“We think that if we just meditated enough or jogged enough or ate perfect food, everything would be perfect.” ~ Pema Chodron, When Things Fall Apart
Things do fall apart
In our lives, things fall apart: We lose jobs, we lose housing, we lose people we love. In those times, we feel lost as well. We feel tossed here and there and long for a soft place to land.
We are but blades of grass blowing in the wind.
Life has a way of showing us who’s boss and, as if we needed to be reminded, it isn’t us.
Often our first response to this type of stress is to grip ever tighter and attempt to control our immediate surroundings. But this is rarely a strategy that results in an end to the free fall nor does it create the soft landing we seek.
Freefall gives way to uncertainty
I’ve experienced several times in my life when I’ve been shocked into the reality of uncertainty. Each time I go through one of these experiences, it feels as if I’m stepping out of a plane, plummeting rapidly toward the earth without a parachute.
Recently I was there again, the bottom falling out of the world as I knew it. I was in freefall.
Gradually the initial sensation of impending doom gave way, not to comfort, but the realization that uncertainty is my new reality.
Feeling alone and adrift
When our lives fall apart, we often feel isolated and alone. We tend to retreat from our usual social encounters causing friends to worry about us and nervously adopt a habit of checking in on us to see that we’re eating and not drinking too much.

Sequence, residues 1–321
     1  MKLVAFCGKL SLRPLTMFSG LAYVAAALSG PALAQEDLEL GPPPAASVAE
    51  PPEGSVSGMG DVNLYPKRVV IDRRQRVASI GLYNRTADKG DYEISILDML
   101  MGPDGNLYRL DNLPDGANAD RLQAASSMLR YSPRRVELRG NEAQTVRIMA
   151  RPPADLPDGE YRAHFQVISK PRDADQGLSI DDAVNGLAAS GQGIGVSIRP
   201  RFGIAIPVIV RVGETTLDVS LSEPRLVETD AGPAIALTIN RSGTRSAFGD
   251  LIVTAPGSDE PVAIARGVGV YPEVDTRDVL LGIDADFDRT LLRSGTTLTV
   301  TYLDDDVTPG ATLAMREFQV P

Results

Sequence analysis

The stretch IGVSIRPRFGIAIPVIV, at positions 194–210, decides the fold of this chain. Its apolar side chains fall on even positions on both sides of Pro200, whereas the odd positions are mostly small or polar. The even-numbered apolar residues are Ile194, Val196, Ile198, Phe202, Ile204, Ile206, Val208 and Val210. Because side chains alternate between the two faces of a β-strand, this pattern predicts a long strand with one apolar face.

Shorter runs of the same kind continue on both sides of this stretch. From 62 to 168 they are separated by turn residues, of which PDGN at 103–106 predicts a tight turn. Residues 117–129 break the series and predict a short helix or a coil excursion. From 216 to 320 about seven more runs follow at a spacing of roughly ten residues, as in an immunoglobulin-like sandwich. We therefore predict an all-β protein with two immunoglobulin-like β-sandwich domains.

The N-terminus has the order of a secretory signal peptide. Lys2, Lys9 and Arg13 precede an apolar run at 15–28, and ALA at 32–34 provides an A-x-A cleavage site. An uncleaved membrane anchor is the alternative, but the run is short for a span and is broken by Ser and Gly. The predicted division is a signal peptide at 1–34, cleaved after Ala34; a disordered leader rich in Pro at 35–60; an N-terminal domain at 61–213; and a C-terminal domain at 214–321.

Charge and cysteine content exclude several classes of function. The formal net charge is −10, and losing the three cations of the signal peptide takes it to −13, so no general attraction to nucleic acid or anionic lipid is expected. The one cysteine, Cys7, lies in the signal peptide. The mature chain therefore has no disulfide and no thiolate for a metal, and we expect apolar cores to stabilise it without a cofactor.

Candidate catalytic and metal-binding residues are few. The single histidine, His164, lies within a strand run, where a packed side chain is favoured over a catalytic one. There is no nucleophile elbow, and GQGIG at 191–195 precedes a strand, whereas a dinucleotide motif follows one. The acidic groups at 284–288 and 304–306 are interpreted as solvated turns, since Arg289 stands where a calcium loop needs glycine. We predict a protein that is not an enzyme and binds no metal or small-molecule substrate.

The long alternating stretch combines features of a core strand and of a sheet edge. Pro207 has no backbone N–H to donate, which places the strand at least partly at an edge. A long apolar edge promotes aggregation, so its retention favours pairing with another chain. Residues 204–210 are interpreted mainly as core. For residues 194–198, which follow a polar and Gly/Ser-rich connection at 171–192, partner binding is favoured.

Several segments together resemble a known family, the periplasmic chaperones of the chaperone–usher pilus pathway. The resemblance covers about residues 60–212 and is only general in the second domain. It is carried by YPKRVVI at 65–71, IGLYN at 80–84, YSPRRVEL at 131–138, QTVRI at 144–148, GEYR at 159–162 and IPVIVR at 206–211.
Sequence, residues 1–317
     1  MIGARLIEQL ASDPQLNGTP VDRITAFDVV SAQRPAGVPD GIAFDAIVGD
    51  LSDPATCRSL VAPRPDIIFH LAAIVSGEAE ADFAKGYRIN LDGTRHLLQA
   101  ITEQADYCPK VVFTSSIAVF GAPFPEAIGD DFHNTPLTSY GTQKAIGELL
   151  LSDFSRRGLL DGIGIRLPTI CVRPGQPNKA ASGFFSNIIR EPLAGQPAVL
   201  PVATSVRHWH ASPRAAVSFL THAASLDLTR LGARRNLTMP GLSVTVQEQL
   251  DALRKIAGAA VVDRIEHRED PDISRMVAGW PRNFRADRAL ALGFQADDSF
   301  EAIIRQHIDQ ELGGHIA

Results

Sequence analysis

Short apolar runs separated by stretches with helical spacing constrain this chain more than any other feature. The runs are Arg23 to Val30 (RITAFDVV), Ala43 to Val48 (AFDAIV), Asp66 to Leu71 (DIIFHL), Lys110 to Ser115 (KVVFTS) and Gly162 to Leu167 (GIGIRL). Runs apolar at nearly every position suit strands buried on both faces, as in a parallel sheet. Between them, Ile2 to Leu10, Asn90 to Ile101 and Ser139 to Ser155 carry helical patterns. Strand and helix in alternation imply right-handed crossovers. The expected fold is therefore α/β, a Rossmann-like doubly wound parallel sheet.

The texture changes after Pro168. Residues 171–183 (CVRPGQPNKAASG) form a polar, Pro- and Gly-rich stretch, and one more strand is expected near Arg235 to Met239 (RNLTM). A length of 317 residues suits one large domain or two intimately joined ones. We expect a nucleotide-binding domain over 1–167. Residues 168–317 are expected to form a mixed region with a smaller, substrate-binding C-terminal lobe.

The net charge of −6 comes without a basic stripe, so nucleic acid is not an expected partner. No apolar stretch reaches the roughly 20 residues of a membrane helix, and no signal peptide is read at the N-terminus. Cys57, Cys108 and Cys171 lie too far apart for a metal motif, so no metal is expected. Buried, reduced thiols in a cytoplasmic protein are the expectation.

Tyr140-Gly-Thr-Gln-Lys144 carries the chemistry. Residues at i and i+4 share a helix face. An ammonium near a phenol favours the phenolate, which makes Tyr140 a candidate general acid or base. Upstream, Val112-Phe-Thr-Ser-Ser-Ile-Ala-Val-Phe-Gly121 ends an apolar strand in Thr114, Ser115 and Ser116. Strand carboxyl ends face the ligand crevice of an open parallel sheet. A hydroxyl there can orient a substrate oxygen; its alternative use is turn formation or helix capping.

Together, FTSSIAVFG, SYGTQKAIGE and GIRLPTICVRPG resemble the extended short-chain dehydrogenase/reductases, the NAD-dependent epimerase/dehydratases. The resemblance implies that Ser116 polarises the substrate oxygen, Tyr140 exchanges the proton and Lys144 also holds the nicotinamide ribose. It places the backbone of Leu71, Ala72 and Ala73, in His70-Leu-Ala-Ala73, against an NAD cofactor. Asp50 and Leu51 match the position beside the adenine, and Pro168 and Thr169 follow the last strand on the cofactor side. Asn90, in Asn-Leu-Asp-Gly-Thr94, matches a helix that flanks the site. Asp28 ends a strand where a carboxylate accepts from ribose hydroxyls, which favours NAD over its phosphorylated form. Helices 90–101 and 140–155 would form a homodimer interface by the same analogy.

We fool ourselves into thinking we are, indeed, alone and isolated. We may dip into the pool of self-pity on occasion, telling ourselves that being a bit miserable is part of the process.
Isolation is always a self-imposed reality. No one forces us to withdraw, to retreat from our circle of friends, or to become a hermit. We choose this. It might be a source of comfort for a while, but it doesn’t last.
Uncertainty gives way to being
For me, the feeling of uncertainty that follows the period of free fall eventually leads me to a place where I can choose a state of conscious being instead of cloistered isolation.
In the past, when I’ve encountered a similar seismic life event, I’ve opted to act and pursue something meaningful: to renew my commitment to my meditation practice or go to the gym more often or get a new and personally significant tattoo—anything that would help me move forward.
When things fall apart in our lives, we slow down and lose our forward momentum. Making a conscious choice to move forward helps us inch forward from a place of uncertainty into a state of mindfulness, consciously choosing to be fully present again.
Things will continue to fall apart
If I know anything it’s that nothing is permanent. Everything is in flux and is ever-changing. My current state of being mindful of my new reality could change tomorrow.
I know that life will continue to change, to evolve, and at times fall apart.
Moving forward, embracing new actions and commitments, and honestly looking at what is in front of me is, perhaps, the wisest way I know to respond.